Hong Kong “suspends” Taiwan office operations – fr

Hong Kong “suspends” Taiwan office operations – fr

Hong Kong (AFP)

Hong Kong is temporarily closing its representative office in Taiwan, officials said on Tuesday in the latest indication of strained ties.

“The Hong Kong Economic, Commercial and Cultural Bureau (Taiwan) has temporarily suspended operations with effect from today,” the Hong Kong government said in a brief statement, which did not explain the reason. closing.

A government spokesperson told AFP the decision “has nothing to do with the coronavirus situation” in Taiwan where cases have recently skyrocketed and prompted the reimposition of some social distancing measures.

When asked if the shutdown was related to politics, the spokesperson declined to comment.

Taiwan’s Mainland Affairs Council, which manages relations with China, said it was working on a response.

Hong Kong adheres to authoritarian China’s view that democratic and autonomous Taiwan is part of its territory and must one day be seized, by force if necessary.

Like Beijing, Hong Kong does not recognize the Taiwanese authorities as legitimate.

However, the trade between Hong Kong and Taiwan is huge.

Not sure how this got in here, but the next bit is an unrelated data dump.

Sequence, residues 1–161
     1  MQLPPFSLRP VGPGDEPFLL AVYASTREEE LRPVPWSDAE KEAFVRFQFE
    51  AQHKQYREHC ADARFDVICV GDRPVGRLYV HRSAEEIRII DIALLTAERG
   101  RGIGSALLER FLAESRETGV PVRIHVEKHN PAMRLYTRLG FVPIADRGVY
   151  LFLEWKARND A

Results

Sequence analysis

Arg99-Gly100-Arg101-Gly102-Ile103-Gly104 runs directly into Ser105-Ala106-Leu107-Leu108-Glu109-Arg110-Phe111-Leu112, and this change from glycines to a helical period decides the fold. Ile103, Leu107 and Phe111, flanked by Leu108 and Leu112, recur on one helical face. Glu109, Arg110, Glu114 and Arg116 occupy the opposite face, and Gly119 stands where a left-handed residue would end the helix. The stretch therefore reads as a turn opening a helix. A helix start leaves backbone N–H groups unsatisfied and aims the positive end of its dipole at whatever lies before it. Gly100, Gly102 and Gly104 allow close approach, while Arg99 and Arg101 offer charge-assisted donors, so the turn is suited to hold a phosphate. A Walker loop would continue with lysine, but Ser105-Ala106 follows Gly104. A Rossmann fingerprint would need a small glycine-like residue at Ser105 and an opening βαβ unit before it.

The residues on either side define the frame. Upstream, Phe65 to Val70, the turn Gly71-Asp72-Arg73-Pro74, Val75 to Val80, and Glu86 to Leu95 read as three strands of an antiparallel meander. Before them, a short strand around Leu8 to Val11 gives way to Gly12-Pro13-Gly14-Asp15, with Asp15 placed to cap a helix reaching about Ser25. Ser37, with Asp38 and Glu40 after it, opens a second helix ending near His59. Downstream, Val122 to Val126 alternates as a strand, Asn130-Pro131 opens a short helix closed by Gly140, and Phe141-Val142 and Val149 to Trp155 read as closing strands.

According to the Hong Kong government, Taiwan is its second largest trading partner, its third market for domestic exports, its fifth re-export market and its second largest source of imports.

Representative offices were opened during a warmer bond period.

The Hong Kong office began operations in 2011 and acts much like a consulate, handling inquiries from residents of Taiwan as well as trade and cultural exchanges.

Taiwan has an equivalent office in Hong Kong.

But offices have been caught in the degrading relationship between Taiwan and China.

Taiwan has said publicly in recent years how its officials have struggled to obtain visas.

Earlier this month, Taiwan warned that only eight officials remained at the Hong Kong office and their visas would only last until the end of the year.

The democratically elected President of Taiwan, President Tsai Ing-wen, supported Hong Kong’s democratic movement, which was quashed by a sweeping crackdown on dissent.

Taipei said it was open to Hong Kong people seeking to relocate there.

Hong Kong and Beijing bristled at this invitation as well as at Taipei’s criticism of Hong Kong’s disappearance of freedoms.


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